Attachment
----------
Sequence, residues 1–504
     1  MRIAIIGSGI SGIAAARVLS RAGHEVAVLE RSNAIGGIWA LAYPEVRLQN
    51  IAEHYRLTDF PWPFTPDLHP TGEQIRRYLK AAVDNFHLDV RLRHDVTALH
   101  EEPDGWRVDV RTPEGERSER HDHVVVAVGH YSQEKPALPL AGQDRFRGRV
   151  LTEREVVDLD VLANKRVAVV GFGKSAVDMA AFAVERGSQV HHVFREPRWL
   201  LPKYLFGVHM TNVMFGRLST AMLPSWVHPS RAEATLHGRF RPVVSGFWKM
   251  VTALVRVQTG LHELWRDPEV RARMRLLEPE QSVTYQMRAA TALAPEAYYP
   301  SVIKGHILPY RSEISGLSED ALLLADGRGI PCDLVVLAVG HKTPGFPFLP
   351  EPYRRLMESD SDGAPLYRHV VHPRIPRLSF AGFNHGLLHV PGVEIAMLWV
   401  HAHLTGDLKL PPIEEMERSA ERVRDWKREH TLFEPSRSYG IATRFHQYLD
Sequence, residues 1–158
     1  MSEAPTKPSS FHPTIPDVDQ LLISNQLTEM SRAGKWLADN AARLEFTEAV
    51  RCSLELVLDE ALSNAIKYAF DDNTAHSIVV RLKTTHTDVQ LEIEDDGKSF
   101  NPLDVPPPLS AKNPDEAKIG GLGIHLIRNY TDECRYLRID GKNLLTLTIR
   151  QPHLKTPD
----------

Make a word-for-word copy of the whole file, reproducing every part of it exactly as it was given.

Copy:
Sequence, residues 1–504
     1  MRIAIIGSGI SGIAAARVLS RAGHEVAVLE RSNAIGGIWA LAYPEVRLQN
    51  IAEHYRLTDF PWPFTPDLHP TGEQIRRYLK AAVDNFHLDV RLRHDVTALH
   101  EEPDGWRVDV RTPEGERSER HDHVVVAVGH YSQEKPALPL AGQDRFRGRV
   151  LTEREVVDLD VLANKRVAVV GFGKSAVDMA AFAVERGSQV HHVFREPRWL
   201  LPKYLFGVHM TNVMFGRLST AMLPSWVHPS RAEATLHGRF RPVVSGFWKM
   251  VTALVRVQTG LHELWRDPEV RARMRLLEPE QSVTYQMRAA TALAPEAYYP
   301  SVIKGHILPY RSEISGLSED ALLLADGRGI PCDLVVLAVG HKTPGFPFLP
   351  EPYRRLMESD SDGAPLYRHV VHPRIPRLSF AGFNHGLLHV PGVEIAMLWV
   401  HAHLTGDLKL PPIEEMERSA ERVRDWKREH TLFEPSRSYG IATRFHQYLD
Sequence, residues 1–158
     1  MSEAPTKPSS FHPTIPDVDQ LLISNQLTEM SRAGKWLADN AARLEFTEAV
    51  RCSLELVLDE ALSNAIKYAF DDNTAHSIVV RLKTTHTDVQ LEIEDDGKSF
   101  NPLDVPPPLS AKNPDEAKIG GLGIHLIRNY TDECRYLRID GKNLLTLTIR
   151  QPHLKTPD